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Hopes, Issues, and Concerns in Tackling the Challenge of Dementia

Posted on July 24th, 2017 by in Pharma R&D


With recent failures of large Phase 3 studies targeting the amyloid pathways, there is perhaps a need for some good news for scientists, clinicians, health services and the general public. Recently, there was some good news in the media. Two elegant studies identified potential ways to rapidly access a novel therapy for dementia. The first aimed to identify small molecules capable of blocking prion-induced neurodegeneration. The authors took a functional screening approach with a focused set of small molecules and identified trazodone as effective in mitigating the neurodegenerative effects of prion protein (1). The second study hypothesized that umbilical cord plasma contains proteins capable of promoting neuroplasticity. They identified that TIMP2 (Tissue inhibitor of metalloproteinase 2) improved hippocampal function and mitigated age-induced memory impairments in mice (2). I was listening to a range of experts on different media sources describe how these important studies will help advance the cause of bringing new medicines to fight the terrible disease of dementia. They all mentioned the risks in medicine development and highlighted that trazodone has been in clinical use for many years and hoped appropriate clinical trials could be initiated to investigate the neuroprotective effects quickly.

I was struck by a sense of hope that there could be an approach that may make it to the marketplace quickly. I imagine that as we get older a greater sense of urgency in finding appropriate pharmacological interventions for dementia is a natural response. However, there did appear to be an “elephant in the room,” something that was not said but which everyone was probably aware of. Who would pay for the trials?

Trazadone is a generic drug. The risks and costs involved in bringing a new medicine into being are well known, and some level of commercial protection of your investment risk is a critical business factor. There are perhaps several issues that these studies raise that need resolution. Issues regarding intellectual property and pricing of drugs come to mind. Also, from an industry perspective, it is the potential commercial and scientific attractiveness that drive investments within a research portfolio. Attractiveness may be described in a range of measures (e.g. ease of development, scientific validation, peak year sales forecast), and it makes good business sense to focus on the best commercial return with the most likely candidates to be successful.

From a societal perspective, there is an issue of how to progress scientifically valid ideas that may not make the cut from a commercial perspective. If there were ways in which this could be achieved, another issue comes to mind: How would society choose which idea to progress? How many ideas would be progressed in parallel? How would society measure progress? There is no easy answer to these conundrums. These issues face industry as well, and the field of dementia is a hard one to engage with. For example, there seems no doubt that there is a pathological role for amyloid in the progression of Alzheimer’s disease, but we have still not been able to translate promising data in Phase 2 clinical trials to larger-scale studies so can we make effective therapies.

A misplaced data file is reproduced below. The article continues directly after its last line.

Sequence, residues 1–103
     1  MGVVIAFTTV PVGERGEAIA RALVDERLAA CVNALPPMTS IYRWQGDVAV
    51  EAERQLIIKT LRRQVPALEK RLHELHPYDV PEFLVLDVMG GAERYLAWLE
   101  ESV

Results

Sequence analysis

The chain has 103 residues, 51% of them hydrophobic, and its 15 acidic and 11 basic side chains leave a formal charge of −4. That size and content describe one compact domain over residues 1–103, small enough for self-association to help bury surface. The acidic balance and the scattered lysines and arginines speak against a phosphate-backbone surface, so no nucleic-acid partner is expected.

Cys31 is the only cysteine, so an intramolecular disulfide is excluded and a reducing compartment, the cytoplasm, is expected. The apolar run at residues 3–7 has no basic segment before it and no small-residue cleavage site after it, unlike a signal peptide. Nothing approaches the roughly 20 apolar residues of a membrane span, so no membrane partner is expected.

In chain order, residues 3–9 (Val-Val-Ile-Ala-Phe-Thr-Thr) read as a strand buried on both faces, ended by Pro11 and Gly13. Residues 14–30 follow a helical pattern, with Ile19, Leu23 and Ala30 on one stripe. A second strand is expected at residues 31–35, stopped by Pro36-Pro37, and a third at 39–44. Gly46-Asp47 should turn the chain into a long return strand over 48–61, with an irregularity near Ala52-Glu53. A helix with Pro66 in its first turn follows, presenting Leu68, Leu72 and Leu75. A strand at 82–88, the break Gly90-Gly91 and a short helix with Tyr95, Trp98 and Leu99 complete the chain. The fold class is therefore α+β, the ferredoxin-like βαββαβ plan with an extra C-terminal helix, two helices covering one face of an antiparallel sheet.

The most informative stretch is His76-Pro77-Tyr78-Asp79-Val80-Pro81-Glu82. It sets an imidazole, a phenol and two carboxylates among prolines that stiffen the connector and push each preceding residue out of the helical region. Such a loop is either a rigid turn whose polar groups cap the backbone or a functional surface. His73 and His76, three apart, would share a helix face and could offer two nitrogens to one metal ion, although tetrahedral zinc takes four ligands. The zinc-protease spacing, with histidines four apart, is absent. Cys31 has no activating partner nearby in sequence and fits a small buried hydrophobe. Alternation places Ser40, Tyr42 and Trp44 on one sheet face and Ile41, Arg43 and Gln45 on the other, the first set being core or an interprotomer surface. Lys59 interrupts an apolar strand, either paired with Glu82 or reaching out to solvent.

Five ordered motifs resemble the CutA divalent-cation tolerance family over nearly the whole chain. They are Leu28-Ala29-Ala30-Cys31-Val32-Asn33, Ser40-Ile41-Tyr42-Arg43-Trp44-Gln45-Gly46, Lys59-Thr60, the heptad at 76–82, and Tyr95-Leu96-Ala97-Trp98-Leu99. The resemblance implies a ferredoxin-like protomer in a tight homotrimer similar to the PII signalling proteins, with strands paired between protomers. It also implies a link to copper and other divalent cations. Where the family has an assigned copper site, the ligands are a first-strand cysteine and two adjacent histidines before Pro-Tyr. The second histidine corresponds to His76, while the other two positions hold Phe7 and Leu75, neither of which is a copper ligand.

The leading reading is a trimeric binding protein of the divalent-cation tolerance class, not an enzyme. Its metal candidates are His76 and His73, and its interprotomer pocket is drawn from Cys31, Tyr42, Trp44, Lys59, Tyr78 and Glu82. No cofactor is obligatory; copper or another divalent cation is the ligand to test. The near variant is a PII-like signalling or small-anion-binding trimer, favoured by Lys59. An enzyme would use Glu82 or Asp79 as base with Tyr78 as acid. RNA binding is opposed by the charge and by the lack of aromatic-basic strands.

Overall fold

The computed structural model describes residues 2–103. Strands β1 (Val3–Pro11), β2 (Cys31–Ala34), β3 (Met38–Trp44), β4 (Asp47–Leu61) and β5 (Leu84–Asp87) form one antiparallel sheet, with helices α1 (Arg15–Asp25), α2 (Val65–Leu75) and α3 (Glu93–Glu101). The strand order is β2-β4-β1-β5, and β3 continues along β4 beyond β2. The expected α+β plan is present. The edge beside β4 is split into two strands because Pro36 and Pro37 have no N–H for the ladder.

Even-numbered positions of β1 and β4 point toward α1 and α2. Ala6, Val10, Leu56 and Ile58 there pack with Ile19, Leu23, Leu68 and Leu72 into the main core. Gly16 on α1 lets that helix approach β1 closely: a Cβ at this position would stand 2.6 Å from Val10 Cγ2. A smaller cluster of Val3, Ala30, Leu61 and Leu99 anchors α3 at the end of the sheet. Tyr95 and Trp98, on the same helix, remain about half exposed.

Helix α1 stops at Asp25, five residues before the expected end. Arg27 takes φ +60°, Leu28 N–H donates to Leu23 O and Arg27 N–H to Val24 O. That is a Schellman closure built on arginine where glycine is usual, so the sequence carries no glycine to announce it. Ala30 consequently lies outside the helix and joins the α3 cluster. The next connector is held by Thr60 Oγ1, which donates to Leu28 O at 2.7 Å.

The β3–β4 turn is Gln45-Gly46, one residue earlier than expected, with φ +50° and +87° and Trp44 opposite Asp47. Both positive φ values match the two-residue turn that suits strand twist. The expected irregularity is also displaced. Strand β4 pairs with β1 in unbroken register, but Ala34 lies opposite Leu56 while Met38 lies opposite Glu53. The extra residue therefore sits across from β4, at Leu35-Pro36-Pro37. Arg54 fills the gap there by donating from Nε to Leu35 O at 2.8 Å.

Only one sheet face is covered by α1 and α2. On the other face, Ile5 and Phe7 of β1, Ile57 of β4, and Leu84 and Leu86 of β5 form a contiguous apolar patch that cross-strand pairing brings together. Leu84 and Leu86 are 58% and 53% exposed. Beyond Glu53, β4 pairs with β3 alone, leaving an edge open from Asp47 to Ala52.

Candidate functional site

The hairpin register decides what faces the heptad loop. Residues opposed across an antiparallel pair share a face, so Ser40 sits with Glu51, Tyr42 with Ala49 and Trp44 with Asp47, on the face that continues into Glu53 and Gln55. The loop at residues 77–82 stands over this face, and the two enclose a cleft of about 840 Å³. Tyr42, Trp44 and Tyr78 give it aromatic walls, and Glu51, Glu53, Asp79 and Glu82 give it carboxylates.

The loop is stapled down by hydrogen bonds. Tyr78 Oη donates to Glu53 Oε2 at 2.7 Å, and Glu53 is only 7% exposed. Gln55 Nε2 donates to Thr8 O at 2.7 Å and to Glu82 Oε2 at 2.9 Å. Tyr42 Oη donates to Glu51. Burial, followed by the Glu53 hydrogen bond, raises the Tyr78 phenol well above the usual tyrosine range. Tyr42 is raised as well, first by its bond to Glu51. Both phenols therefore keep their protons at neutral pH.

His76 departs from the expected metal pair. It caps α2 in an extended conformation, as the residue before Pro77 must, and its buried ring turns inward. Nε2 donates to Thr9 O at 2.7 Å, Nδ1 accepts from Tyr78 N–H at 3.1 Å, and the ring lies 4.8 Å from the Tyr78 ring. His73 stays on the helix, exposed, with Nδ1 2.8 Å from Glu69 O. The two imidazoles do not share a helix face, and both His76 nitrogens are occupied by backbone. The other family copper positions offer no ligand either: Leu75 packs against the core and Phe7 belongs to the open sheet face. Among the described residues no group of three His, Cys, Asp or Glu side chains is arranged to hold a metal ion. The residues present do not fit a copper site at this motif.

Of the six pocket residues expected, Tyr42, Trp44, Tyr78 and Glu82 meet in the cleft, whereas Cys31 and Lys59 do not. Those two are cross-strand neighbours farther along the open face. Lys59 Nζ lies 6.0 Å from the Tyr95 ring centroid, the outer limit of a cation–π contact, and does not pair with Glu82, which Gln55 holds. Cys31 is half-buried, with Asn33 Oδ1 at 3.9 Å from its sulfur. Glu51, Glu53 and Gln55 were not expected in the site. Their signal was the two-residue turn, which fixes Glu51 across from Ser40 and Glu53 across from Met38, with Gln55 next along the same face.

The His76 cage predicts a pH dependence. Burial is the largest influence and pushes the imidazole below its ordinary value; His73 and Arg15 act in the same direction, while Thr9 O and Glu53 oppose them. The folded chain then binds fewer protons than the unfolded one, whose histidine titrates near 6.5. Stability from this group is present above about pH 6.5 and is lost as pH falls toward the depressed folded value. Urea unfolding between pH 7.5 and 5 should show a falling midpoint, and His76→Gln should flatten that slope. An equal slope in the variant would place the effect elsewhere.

These issues raise a concern. Is the problem of tackling dementia just too big to be solved, especially in the near future? I hope not. However, some proactive approaches may need to be taken. With 25 years of research surrounding the amyloid hypothesis, there have been resounding failures in translating positive clinical signals to successful Phase 3 outcomes (3). We need to learn from past mistakes. We often think of the lack of positive data from failed clinical trials. However, if the trial was well conducted and managed, they have been successful even though they may not support the hypothesis that the agent is beneficial.

Allowing such clinical data to be reviewed and analyzed by the scientific community is one way to support the development of approaches. The problem is still one of understanding how to safely get the right medicine to the right person at the right time. Proactive discussion amongst societal and industrial stakeholders on how to incentivize and manage technical and investment risks effectively and develop different approaches to generating real world evidence will be important. If we don’t do something differently, there is a real risk that nothing will change.


  • Halliday et al., (2017). Doi:10.1093/brain/awx074
  • Castellano et al., (2017). Doi:10.1038/nature22067
  • Hardy & De Strooper, (2017). Brain 140: 853-855.

All opinions shared in this post are the author’s own.

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